Not for average jam fans
March 25, 2004
When Big Metal Rooster went into the studio to record its latest album, the band members decided to play the entire 73 minutes of music at once.
“We started with song one, and where that was supposed to end, we kept going,” guitar player Tom Fleming said.
All the songs connected, and they left in the mistakes.
“It was a late night but a pretty amazing experience,” Fleming said.
The idea was partly inspired by albums such as Pink Floyd’s “The Wall,” where one song flows into the next, but Big Metal Rooster took it a step further.
“The Pink Floyd album wasn’t all recorded at once,” Fleming said. “We wanted to get where the listener can listen to each song separately or listen to the whole thing.”
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It’s the kind of album where listeners should lay on their backs, put on the headphones and get lost in songs such as the 20-minute “Trapeze” or the 13-minute “The Adventures of Herman the Frog.”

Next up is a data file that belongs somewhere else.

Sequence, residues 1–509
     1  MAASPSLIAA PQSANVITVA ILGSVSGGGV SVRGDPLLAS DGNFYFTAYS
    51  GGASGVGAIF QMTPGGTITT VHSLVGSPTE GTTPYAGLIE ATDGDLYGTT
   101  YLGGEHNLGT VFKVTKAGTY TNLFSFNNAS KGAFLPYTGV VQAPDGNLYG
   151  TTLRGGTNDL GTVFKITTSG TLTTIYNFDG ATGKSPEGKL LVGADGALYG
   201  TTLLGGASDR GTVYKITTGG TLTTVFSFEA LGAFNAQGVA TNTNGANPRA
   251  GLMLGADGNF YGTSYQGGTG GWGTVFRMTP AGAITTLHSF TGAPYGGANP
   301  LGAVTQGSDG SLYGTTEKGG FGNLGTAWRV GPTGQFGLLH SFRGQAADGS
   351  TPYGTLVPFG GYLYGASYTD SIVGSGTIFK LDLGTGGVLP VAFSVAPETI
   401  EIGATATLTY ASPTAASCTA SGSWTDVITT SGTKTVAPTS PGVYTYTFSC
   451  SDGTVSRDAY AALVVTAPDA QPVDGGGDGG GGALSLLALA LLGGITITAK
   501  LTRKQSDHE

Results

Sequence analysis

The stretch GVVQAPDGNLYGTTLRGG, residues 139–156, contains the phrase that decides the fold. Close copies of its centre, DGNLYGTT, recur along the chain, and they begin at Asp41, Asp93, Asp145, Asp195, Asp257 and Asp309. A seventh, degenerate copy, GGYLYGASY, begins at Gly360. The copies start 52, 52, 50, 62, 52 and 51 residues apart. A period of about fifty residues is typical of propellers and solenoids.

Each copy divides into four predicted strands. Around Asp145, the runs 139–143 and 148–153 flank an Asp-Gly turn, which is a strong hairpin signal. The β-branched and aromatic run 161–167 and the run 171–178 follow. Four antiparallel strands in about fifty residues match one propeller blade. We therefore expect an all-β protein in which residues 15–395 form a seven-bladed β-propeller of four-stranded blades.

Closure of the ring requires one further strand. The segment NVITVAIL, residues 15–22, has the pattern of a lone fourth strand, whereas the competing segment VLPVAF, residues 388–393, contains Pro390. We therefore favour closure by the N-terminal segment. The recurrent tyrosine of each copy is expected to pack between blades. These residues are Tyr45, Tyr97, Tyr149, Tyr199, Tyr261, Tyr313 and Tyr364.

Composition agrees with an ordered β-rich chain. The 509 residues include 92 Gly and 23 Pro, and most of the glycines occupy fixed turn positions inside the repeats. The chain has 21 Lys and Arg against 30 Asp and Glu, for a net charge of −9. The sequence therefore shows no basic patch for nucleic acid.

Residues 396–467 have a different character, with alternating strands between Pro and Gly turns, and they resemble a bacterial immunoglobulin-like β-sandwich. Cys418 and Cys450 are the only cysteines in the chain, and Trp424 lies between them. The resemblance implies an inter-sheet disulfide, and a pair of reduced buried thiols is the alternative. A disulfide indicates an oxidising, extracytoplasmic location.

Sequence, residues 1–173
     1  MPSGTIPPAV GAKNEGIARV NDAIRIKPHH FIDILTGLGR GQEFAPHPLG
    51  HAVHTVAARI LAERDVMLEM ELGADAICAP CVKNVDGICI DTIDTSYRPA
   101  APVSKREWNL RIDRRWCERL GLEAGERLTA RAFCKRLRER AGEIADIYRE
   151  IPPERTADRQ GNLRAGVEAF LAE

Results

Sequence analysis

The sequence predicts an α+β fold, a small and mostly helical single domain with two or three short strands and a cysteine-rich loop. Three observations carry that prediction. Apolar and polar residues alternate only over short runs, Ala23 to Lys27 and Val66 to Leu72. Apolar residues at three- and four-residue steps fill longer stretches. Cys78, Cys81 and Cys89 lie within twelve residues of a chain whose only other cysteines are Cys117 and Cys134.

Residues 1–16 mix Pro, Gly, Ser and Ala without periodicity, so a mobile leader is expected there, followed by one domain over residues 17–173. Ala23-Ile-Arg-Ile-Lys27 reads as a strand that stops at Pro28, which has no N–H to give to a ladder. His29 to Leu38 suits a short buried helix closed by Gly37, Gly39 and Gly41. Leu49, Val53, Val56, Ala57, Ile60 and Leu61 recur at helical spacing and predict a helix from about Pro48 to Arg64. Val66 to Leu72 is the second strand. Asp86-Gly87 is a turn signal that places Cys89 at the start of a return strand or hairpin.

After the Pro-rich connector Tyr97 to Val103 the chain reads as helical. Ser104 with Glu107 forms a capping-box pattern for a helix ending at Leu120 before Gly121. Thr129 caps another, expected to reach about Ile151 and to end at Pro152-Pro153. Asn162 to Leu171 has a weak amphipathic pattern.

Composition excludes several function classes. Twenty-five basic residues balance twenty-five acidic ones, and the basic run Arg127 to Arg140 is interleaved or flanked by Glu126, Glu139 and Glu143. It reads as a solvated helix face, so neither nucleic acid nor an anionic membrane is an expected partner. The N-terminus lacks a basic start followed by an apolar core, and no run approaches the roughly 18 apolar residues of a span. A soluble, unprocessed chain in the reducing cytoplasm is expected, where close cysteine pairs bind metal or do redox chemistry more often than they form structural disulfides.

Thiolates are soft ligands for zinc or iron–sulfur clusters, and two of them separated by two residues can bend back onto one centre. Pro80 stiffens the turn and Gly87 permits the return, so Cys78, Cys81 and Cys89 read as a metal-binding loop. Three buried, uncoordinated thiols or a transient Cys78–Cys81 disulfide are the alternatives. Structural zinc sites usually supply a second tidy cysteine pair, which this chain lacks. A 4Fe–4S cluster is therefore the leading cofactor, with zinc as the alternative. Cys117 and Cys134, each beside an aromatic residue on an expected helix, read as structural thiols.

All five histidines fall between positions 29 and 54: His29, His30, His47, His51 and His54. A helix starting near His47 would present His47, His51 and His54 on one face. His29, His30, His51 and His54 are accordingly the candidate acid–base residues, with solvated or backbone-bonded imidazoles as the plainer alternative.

Recording the album as one marathon song prompted JamBase reviewer Robert Champion to write, “Big Metal Rooster is not for the average fan of this genre. This recording is something that the experienced ear will have to put into perspective.”
Fleming describes the band’s music as experimental jamming with uplifting lyrics, influenced by Frank Zappa, Jethro Tull, the Grateful Dead and more recent bands including the Talking Heads, Phish and Yes.
The band plays its jams in a spiraling, psychedelic crescendo, building on musical ideas minute after minute.
“Sometimes it gets to a point where we’ve been building for so long that you feel the hairs start to raise on your neck. Then we give you this delivery of sound,” Fleming said. “There are four of us, and we pass the music around between us, building with each other. Sometimes it comes together really strong, and that’s the most intense feeling I’ve ever had in music.”